Warning: The following review lovingly parodies the style of Miranda (I suggest you do a quick YouTube if that means nothing to you, or just continue with the prior knowledge that you are about to be discombobulated). Please note I don’t usually speak/write like this (well not very much like this).
Well a hello to you, my dear reader chum. Are we all sitting comfortably, ready for une petite book review-let? Previously in my life I did some amusingly kooky things and then read a book by a comedian called Miranda Hart. She has a sitcom that I watched all at once when I was poorly one day. I rather like it. ‘Is It Just Me?’ runs through a plethora (good word, plethora) of lifestyle issues and potential embarrassing scenarios. Much of the book is written as a conversation between Miranda and her eighteen year old self, so, given the parallel style that I’m going for, I’m going to tell my eighteen year old self about this book.
Hello little Eve, what a delight to see you in all your preppy blondeness, how’s things?
Oh. My. God. You’re me from the future! What are you here to tell me? Am I in grave danger? Do I have to kill and/or save Sarah Connor?
Erm, no I’m just here to tell you about a book you’re going to read in the future. It’s quite funny, a really good bit of light reading. The chapters are really quick to dip into and they’re themed around the hazards and awkwardness of adult life, like hobbies, beauty, dating, exercise…
You’re from the future, and you’re going to tell me about some TV tie-in stocking filler? How did you get here anyway? Did you pimp a Delorean? Have you got a TARDIS?
You watch too much TV. I’m sorry to disappoint, but this is merely a convenient narrative device.
Oh, lame. And I bet you watch too much TV too.
Point taken. Anyway, sit back and relax, little E, for now I shall tell you what I like and disliked about this book.
Things I Thought Were Charming and Utterly Enjoyable, Please and Thank You Very Much, About Miranda Hart’s Gleeful Bookington
- The way she uses lists. There was a good amount of lists and they’re great for a quick skip through in a tea break.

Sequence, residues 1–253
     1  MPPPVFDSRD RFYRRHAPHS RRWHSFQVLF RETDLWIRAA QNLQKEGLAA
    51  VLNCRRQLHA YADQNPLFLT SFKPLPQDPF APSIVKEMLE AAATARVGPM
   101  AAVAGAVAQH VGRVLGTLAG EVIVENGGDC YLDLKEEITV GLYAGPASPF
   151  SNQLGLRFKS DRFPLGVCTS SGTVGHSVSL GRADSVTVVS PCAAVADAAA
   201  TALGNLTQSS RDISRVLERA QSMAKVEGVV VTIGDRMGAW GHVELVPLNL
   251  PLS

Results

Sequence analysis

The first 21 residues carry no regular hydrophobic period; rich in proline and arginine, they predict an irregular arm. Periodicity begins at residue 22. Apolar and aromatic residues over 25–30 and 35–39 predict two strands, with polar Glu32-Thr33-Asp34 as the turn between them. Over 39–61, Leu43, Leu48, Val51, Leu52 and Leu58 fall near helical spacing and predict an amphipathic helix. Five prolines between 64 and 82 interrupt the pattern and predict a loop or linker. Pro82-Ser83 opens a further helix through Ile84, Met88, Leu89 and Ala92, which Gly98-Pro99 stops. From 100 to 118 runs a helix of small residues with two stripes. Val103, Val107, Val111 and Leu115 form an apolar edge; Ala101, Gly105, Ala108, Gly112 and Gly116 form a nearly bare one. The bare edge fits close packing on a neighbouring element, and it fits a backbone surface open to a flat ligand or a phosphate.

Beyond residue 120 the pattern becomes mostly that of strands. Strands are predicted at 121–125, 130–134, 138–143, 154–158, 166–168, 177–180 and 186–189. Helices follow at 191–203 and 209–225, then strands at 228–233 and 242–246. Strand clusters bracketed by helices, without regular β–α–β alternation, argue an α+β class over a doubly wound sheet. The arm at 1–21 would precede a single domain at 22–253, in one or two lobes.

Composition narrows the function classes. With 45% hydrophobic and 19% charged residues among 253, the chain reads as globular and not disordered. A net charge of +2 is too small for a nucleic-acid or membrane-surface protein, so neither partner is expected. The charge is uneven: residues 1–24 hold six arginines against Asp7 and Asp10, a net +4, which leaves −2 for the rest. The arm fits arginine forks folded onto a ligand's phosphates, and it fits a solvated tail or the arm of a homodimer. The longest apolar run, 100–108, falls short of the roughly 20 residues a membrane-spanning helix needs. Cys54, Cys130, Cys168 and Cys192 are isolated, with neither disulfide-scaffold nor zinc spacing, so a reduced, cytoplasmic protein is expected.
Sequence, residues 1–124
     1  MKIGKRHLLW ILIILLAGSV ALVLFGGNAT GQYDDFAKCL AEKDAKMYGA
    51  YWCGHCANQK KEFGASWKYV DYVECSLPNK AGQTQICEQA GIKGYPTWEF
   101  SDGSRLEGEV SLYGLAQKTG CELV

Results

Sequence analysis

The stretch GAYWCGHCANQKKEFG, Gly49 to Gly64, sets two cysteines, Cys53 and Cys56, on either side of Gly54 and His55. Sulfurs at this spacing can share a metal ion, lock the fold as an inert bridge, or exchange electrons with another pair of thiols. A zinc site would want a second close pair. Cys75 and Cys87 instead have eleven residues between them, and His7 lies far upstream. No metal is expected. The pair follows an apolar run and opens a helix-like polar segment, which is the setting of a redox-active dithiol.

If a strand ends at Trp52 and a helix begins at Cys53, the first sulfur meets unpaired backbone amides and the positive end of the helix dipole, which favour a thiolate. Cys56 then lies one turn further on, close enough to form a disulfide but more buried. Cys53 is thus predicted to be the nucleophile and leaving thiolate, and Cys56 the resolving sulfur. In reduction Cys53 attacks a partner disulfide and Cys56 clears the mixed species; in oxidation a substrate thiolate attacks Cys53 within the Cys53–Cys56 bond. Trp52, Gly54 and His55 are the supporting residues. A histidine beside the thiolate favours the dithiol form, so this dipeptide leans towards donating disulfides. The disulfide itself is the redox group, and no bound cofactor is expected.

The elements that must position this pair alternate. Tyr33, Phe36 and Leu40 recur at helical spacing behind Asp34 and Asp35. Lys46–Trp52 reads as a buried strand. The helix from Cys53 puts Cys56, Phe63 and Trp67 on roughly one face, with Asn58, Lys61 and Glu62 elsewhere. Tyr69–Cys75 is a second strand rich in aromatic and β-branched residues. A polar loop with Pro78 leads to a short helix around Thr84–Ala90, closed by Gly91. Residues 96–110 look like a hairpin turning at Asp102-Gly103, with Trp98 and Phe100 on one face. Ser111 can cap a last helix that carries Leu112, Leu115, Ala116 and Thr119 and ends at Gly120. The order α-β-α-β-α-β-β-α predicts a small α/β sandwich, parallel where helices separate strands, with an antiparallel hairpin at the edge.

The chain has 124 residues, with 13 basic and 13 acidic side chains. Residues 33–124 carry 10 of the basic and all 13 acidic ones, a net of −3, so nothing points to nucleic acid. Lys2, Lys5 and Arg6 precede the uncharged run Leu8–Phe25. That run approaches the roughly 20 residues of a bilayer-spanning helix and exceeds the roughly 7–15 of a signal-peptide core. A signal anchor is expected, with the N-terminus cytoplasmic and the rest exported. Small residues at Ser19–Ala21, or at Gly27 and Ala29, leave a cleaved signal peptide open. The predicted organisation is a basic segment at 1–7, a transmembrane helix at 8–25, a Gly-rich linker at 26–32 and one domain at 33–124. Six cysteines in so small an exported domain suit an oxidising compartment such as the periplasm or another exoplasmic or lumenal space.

- The way she gives her lists over-long titles. Such fun.
- It ends really quite touchingly and inspiringly on a ‘follow your dreams’ sort of note.
Things I Enjoyed a Little Less Than I’d Enjoy a Jolly Ramble in the Home Counties Followed by a Pack of Jammie Dodgers and a Nice Sit Down
- She abbreviates her term of endearment ‘My dear reader chum’ to MDRC, which my brain refused to read as anything other than ‘My Democratic Republic of Congo’.
- Eight pages are the transcript of an imagined conversation WITH HER DOG. (Caps for emphasis, classic Miranda style.)
- Some of the points were a bit generic and some of the anecdotes have been re-enacted in the sitcom, which I am already well acquainted with. New content much preferred, please and thank you.
Is that it now, old Eve? Can you stop yabbering on about some book and tell me a bit about our future? What do we do? Has the five year plan been achieved with the degree and the job?
Five year plan? My goodness, you’re like a nerdy Stalin. I think if I told you it might ruin things, butterfly effect and all, and besides, things work out.
Well if you’re just going to be all mysterious, can you leave me alone so I can get on with my revision?
That’s one thing, I will say – you should probably chill out – don’t work so hard!
If I don’t work this hard, how would you be where we are today?
What – drinking a cup of tea and amusing myself by writing fripperations on the Internet? I think we’d be all right. Do put some effort in to English though, that one will come in handy. Nice pashmina by the way.
You too. Laters.
That is another thing I wasn’t entirely keen on in the book. When you bring in a character from the past, there is a huge temptation to overdo the ‘isn’t modern technology hilarious, ridiculous and miraculous when you explain it to someone from the 1980s’ jokes; in the business we call it ‘defamiliarisation’. But in general, it was a bit of a laugh. My favourite sentence in it was, ‘why does a drink need an umbrella? It’s already wet!’
In this book, Miranda says she never thought she’d write one, because she’s ‘not much of a ‘words’ person’, but she’s managed to assemble a fair few pretty competently.
That is all, cheery byes, much love and enthusiastic waving.
Have you read it? Did you think it was splendorific? Tell me in the comments!
Did you enjoy this reviewington? Liking and sharing shows that you’re caring!